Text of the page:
- Instagram brands reach nearly 100% of their audience per post, but that number drops to 6% on Facebook. This is primarily because of the platform’s respective algorithms.
- Over 40% of Facebook users don’t like engaging with companies at all. That does leave the majority of users open to business-related engagement, but those users don’t actively engage with business posts. According to the study, 32% of Facebook users regularly interact with brands, while 68% of Instagram users do.
Regularity is definitely important here, but a business-receptive third of the world’s most popular social platform is nothing to scoff at.
Earlier I mentioned three areas of social marketing – presence, relevance, and paid promotion.
The least you can do is have a presence on the top two social networks of all time. If that sounds grandiose, it kind of is. By having a developed profile with minimal activity for your business, you’ll instantly add credibility to your online presence. It’s free, easy, and it’s the foundation for the next step up: relevance.
When it comes to being relevant on any social network, the answer is also fairly simple – albeit, easier said than done – make good content.
Brands don’t usually acquire a mass following overnight. Followers come over time, and with more frequency, the more engaging your content is. Put yourself in the position of your audience. What would you want to see from your brand? Why should they listen to you? It’s a simple question with a wide range of content potential.
Then comes paid promotion. Before getting into that though, it’s important to remember that marketing doesn’t only come in the form of paid promotion. Play your cards right, and your organic content will push you further than some brands and their paid promotion. That being said, Facebook and Instagram offer a multitude of ad options – all of which can be approached differently for a range of results.
Facebook ad options span a broad range that isn’t limited to just Facebook and Instagram. These ads are surfaced across Facebook, Messenger, Instagram, as well as the Facebook Audience Network (a dense network of 3rd party apps that surface Facebook ads; similar to the Google Display Network). Best of all, since these are all Facebook properties, there's only one ad management hub: Facebook Ad Manager.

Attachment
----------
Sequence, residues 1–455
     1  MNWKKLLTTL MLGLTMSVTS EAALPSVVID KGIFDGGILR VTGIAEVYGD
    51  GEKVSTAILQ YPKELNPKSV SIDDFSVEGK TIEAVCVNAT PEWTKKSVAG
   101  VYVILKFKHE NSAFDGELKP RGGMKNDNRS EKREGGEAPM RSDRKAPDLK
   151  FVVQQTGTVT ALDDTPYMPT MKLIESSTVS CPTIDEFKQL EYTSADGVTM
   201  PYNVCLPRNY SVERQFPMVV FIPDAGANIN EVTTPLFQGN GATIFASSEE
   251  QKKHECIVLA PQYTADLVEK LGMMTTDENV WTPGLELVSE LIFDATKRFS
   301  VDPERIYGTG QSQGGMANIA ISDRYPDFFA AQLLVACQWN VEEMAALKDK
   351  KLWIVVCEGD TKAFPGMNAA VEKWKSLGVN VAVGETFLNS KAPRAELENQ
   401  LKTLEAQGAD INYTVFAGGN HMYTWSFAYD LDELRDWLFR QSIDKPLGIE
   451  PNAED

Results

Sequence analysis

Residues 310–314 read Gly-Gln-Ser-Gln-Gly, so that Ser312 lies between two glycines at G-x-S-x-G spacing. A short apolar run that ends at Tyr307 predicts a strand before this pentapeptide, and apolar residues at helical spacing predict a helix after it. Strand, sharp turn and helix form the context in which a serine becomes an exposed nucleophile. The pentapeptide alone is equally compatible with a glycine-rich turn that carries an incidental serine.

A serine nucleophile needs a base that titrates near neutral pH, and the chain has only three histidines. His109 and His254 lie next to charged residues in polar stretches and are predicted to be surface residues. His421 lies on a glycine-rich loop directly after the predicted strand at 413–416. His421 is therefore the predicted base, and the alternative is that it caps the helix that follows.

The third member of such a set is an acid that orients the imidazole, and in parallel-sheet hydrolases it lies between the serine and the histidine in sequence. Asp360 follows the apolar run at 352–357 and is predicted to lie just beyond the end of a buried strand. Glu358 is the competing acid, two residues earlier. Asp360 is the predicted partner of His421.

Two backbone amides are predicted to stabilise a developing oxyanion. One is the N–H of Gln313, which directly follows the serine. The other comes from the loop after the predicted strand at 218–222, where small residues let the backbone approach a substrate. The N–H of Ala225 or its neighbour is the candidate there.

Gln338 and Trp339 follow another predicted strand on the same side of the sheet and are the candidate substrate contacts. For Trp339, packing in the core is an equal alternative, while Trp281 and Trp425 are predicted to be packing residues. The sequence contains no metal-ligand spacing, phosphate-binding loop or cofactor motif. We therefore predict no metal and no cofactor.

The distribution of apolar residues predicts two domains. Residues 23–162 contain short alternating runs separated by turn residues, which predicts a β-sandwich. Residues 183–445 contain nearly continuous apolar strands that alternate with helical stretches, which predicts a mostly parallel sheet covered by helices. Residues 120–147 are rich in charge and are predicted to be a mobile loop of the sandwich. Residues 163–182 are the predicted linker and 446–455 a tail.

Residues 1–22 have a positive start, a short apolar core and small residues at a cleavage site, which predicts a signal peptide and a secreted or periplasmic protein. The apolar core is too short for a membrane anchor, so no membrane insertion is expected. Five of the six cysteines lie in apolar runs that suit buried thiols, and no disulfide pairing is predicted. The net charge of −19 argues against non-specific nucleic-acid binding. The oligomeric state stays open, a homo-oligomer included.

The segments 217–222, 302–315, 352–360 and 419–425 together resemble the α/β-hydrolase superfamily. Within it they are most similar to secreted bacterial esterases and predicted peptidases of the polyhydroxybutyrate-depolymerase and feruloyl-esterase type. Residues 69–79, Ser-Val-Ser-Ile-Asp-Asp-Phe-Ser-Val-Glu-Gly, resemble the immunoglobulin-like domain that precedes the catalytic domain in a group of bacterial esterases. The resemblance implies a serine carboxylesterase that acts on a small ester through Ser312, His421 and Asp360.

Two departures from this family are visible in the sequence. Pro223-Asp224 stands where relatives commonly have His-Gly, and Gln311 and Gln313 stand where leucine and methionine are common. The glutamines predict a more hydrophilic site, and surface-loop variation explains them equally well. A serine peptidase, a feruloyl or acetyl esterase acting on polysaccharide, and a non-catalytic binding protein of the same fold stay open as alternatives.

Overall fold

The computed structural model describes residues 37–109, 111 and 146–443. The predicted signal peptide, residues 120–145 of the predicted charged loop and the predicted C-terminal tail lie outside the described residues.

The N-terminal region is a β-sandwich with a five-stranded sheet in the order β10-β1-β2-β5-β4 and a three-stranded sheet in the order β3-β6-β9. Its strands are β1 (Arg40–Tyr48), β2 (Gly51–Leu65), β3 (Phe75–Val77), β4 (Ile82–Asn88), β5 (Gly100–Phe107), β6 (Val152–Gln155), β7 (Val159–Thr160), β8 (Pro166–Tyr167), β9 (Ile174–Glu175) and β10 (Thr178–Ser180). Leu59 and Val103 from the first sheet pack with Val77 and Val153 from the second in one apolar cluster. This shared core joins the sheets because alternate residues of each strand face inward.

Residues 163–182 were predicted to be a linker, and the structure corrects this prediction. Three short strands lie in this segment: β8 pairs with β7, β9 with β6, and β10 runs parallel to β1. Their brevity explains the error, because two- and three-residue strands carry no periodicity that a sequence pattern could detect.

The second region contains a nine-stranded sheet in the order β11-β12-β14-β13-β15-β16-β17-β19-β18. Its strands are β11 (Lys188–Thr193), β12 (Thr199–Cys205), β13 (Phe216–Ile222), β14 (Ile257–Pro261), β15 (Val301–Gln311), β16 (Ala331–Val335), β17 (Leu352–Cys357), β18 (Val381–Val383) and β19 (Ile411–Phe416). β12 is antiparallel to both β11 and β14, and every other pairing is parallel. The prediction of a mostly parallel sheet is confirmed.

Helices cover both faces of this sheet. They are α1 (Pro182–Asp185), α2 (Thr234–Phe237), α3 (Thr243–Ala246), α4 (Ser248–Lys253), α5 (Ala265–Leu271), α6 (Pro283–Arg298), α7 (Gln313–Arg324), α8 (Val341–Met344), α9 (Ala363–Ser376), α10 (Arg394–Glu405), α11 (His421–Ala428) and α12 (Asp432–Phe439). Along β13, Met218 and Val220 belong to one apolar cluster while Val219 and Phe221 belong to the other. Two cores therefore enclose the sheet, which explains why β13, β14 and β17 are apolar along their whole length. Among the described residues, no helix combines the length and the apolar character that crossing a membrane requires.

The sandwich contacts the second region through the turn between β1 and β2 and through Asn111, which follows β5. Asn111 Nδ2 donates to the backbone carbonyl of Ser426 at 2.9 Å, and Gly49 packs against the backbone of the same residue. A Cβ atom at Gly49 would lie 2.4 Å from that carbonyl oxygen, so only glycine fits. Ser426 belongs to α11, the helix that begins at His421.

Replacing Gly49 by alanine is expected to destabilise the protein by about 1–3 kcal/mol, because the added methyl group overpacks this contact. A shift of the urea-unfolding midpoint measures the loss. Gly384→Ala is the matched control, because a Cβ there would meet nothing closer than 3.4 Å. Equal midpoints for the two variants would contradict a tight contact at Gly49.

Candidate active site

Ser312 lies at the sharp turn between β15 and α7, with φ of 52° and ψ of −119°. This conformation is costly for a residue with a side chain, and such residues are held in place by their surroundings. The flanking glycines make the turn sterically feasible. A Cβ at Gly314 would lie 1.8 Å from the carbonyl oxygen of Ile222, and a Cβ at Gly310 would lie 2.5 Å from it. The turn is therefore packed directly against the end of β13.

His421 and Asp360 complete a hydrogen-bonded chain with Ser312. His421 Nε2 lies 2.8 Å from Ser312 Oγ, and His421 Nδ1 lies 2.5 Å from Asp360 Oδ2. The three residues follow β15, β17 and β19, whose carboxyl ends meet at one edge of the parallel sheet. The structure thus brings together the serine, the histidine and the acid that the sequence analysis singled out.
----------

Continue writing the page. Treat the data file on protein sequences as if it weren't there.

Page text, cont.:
Here’s the full range of ad formats you can go with when using Facebook Ads:
- Video - Show off product features, and draw people in with sound and motion.
- Image - Drive people to destination websites or apps through high-quality visuals.
- Collection - Encourage shopping by displaying items from your product catalog.
- Carousel - Showcase up to 10 images or videos within a single ad, each with its own link.
- Slideshow - Use motion, sound and text to tell your story.
- Instant Experience - Provides a full-screen, mobile-optimized experience instantly from your ad.
- Lead Generation Ads - Presented using an image, video, or carousel, these ads help you collect info from people interested in your business.
- Offers - Presented using an image, video, or carousel, these ads promote a discount to share with your customers on Facebook.
- Post Engagement - Most page posts can be boosted to deliver more views, likes, comments, and shares.
- Event Responses - Presented using an image or video, these ads can be used to promote awareness of an event and drive responses.
- Page Likes - Using a video or an image, these ads can be used to drive users to like your page.
There are virtually no presentation limitations when opting to go with paid promotion. Facebook offers a wide range of flexible options, and they’re always innovating for their marketers.
For ad specs, and more information, reference Facebook’s Ads Guide.
What to do from here
There’s definitely no one-size-fits-all strategy when it comes to marketing on these platforms. The only thing that can’t be overstated is how important simply being involved in the Facebook network is. If you don’t already have a free Facebook page for your business, you better get to it – same goes for having a Instagram Account for your business.
Having a presence on both of these social mega platforms is essential to being relevant online, even if you end up focusing more of your energy on one. What you choose to do from there all depends on your audience, the nature of your business, and your marketing strategy.
Play to the strengths of these platforms. Facebook remains best for visibility with older age groups, as long as you’re using paid advertisements, and the platform also makes it easier to funnel users to a third party site. Instagram prohibits link sharing in posts and comments, only allowing it in your profile bio, but the platform’s style make it better for: spreading awareness, showcasing new products/services, influencer marketing, comparison shopping, and engaging with customers.
Ultimately, Facebook is great as an all-around business hub, and Instagram is great to promote the visual elements of your business.
You have nothing to lose and everything to gain by being on the top two social networks. Your audience is on both – maybe disproportionately so on one, but you don’t want to count the other out.
The least you want to do is have a presence on both Facebook and Instagram, aim to create solid, engaging content, and consider investing in some ads. There's no shortage in presentation styles, and with the reach of these networks, your ads will definitely be seen – there's no question about it.